Nuclear Safety

Noor Davis
February 21, 2015

Submitted as coursework for PH241, Stanford University, Winter 2015


Fig. 1: Bellefonte Nuclear Power Plant in Hollywood, Alabama. (Source: Wikimedia Commons)

The European Union established a Nuclear Safety Directive, establishing a Community framework for the nuclear safety of nuclear installations, which provides binding legal force to the main international nuclear safety principles.The Nuclear Safety Directive requires EU countries to give highest priority to nuclear safety at all stages of the lifecycle of a nuclear power plant. [1] This includes carrying out safety assessments before the construction of new nuclear power plants and ensuring significant safety enhancements for old reactors. The Directive:

  1. Strengthens the role of national regulatory authorities by ensuring their independence from national governments. EU countries must provide the regulators with sufficient legal powers, staff, and financial resources

  2. Creates a system of peer reviews. EU countries choose a common nuclear safety topic every six years and organise a national safety assessment on it. They then submit their assessment to other countries for review. The findings of these peer reviews are made public

  3. Requires a safety re-evaluation for all nuclear power plants to be conducted at least once every 10 years

  4. Increases transparency by requiring operators of nuclear power plants to release information to the public, both in times of normal operation and in case of incidents.

How the Protocol Works in the United States

Fig. 2: Weapons Storage and Security System (WS3) vault holding a B61 nuclear bomb (possibly inert training version). [3] (Source: Wikimedia Commons)

The U.S. Nuclear Regulatory Commission (NRC) regulates the commercial and institutional uses of nuclear energy, including nuclear power plants like the Bellefonte Nuclear Power Plant. (See Fig. 1.) The NRC monitors plant performance according to three strategic areas: reactor safety, radiation safety and security. Highly trained, independent NRC inspectors are onsite at each plant to provide oversight of plant operations, maintenance, equipment replacement and training. Also includes in these operations is the protection and safety of the nuclear weapon when it is completed, thru training and oversight as well. (See Fig. 2.)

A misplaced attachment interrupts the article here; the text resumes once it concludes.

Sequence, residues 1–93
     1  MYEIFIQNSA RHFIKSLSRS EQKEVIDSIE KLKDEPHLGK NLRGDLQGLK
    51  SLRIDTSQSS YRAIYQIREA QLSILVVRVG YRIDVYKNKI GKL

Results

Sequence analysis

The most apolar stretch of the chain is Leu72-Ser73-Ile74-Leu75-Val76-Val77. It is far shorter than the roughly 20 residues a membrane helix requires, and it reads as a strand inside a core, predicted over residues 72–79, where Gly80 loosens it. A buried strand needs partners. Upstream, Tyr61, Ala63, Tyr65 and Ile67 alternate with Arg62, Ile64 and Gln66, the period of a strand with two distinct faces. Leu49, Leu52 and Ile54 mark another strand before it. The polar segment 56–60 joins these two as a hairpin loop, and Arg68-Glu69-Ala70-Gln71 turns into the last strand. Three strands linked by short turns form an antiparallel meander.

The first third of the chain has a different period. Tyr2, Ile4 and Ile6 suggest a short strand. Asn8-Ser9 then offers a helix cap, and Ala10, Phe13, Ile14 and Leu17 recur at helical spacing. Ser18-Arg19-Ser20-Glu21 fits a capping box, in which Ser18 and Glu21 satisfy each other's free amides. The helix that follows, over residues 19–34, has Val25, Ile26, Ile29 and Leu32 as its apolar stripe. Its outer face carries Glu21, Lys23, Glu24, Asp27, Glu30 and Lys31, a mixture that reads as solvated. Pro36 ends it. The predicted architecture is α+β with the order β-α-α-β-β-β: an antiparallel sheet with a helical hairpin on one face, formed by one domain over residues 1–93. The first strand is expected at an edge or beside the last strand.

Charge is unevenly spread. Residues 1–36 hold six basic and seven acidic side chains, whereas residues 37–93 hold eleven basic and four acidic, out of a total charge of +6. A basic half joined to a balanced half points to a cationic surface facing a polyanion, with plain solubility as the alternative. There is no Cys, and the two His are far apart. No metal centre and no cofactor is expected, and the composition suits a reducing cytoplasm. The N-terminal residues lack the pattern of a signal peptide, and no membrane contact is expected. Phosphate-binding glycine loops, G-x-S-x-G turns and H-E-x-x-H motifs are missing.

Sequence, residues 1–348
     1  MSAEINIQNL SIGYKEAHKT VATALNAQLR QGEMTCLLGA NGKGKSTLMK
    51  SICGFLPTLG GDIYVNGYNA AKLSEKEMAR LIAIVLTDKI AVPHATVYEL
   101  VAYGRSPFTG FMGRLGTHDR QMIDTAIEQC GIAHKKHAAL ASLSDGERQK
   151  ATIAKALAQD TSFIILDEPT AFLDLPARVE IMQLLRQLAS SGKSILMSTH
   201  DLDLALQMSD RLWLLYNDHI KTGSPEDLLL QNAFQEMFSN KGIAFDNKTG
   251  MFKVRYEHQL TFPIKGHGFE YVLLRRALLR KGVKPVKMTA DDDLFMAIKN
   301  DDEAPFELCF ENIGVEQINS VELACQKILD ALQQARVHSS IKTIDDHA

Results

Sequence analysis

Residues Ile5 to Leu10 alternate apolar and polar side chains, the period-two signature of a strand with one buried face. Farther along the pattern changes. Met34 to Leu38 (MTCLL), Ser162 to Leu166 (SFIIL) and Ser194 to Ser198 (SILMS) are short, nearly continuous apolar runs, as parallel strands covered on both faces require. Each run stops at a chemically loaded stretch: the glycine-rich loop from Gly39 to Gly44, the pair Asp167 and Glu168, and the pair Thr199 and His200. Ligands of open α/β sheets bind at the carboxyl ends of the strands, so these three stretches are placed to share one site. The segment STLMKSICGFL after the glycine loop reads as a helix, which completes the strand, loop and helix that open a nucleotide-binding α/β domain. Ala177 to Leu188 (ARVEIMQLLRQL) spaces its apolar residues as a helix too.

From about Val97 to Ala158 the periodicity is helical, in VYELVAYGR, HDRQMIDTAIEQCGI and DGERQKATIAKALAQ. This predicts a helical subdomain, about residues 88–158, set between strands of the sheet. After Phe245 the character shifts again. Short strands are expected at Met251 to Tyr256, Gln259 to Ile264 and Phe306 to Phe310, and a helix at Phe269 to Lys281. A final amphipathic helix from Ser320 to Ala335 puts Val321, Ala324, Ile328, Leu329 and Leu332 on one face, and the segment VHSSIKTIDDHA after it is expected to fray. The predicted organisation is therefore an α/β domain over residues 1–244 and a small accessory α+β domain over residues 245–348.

How the Protocol Works in the World

The World Association of Nuclear Operators (WANO) is an international organization that consolidates the best practices and operating experiences of nuclear plants worldwide to enhance the safety and reliability of nuclear plants. WANO collects information annually on nuclear plant performance in the United States and around the world. The organization found that the U.S. nuclear industry had one of the safest industrial working environments in 2012, which led to high levels of operating efficiency. These implementations and successes can be seen through reviews from officials to verify. [2]

Some organizations believe that you can implement a safety perception survey with your employees to implement a critical eye within the nuclear plants. A safety perception survey is useful because:

  1. The effectiveness of safety efforts cannot be measured by traditional procedural-engineered criteria like safety reviews, audits, and inspections

  2. The effectiveness of safety efforts can be measured with surveys of employee perceptions

  3. A perception survey can effectively identify the strengths and weaknesses of elements of a safety system

  4. A perception survey can effectively identify major discrepancies in perception of program elements between hourly rated employees and levels of management

  5. A perception survey can effectively identify improvements in and deterioration of safety system elements if administered periodically.

© Noor Davis. The author grants permission to copy, distribute and display this work in unaltered form, with attribution to the author, for noncommercial purposes only. All other rights, including commercial rights, are reserved to the author.


[1] L. Ostrom, C. Wilhelmsen, and B. Kaplan, "Assessing Safety Culture," Oak Ridge National Laboratory, Nuclear Safety 34, No. 2, 163 (1993).

[2] "Nuclear Safety Review 2014," International Atomic Energy Agency, GC(58)-INF-3, July 2014.

[3] H. M. Kristensen, "U.S. Nuclear Weapons in Europe," Natural Resources Defense Council, February 2005.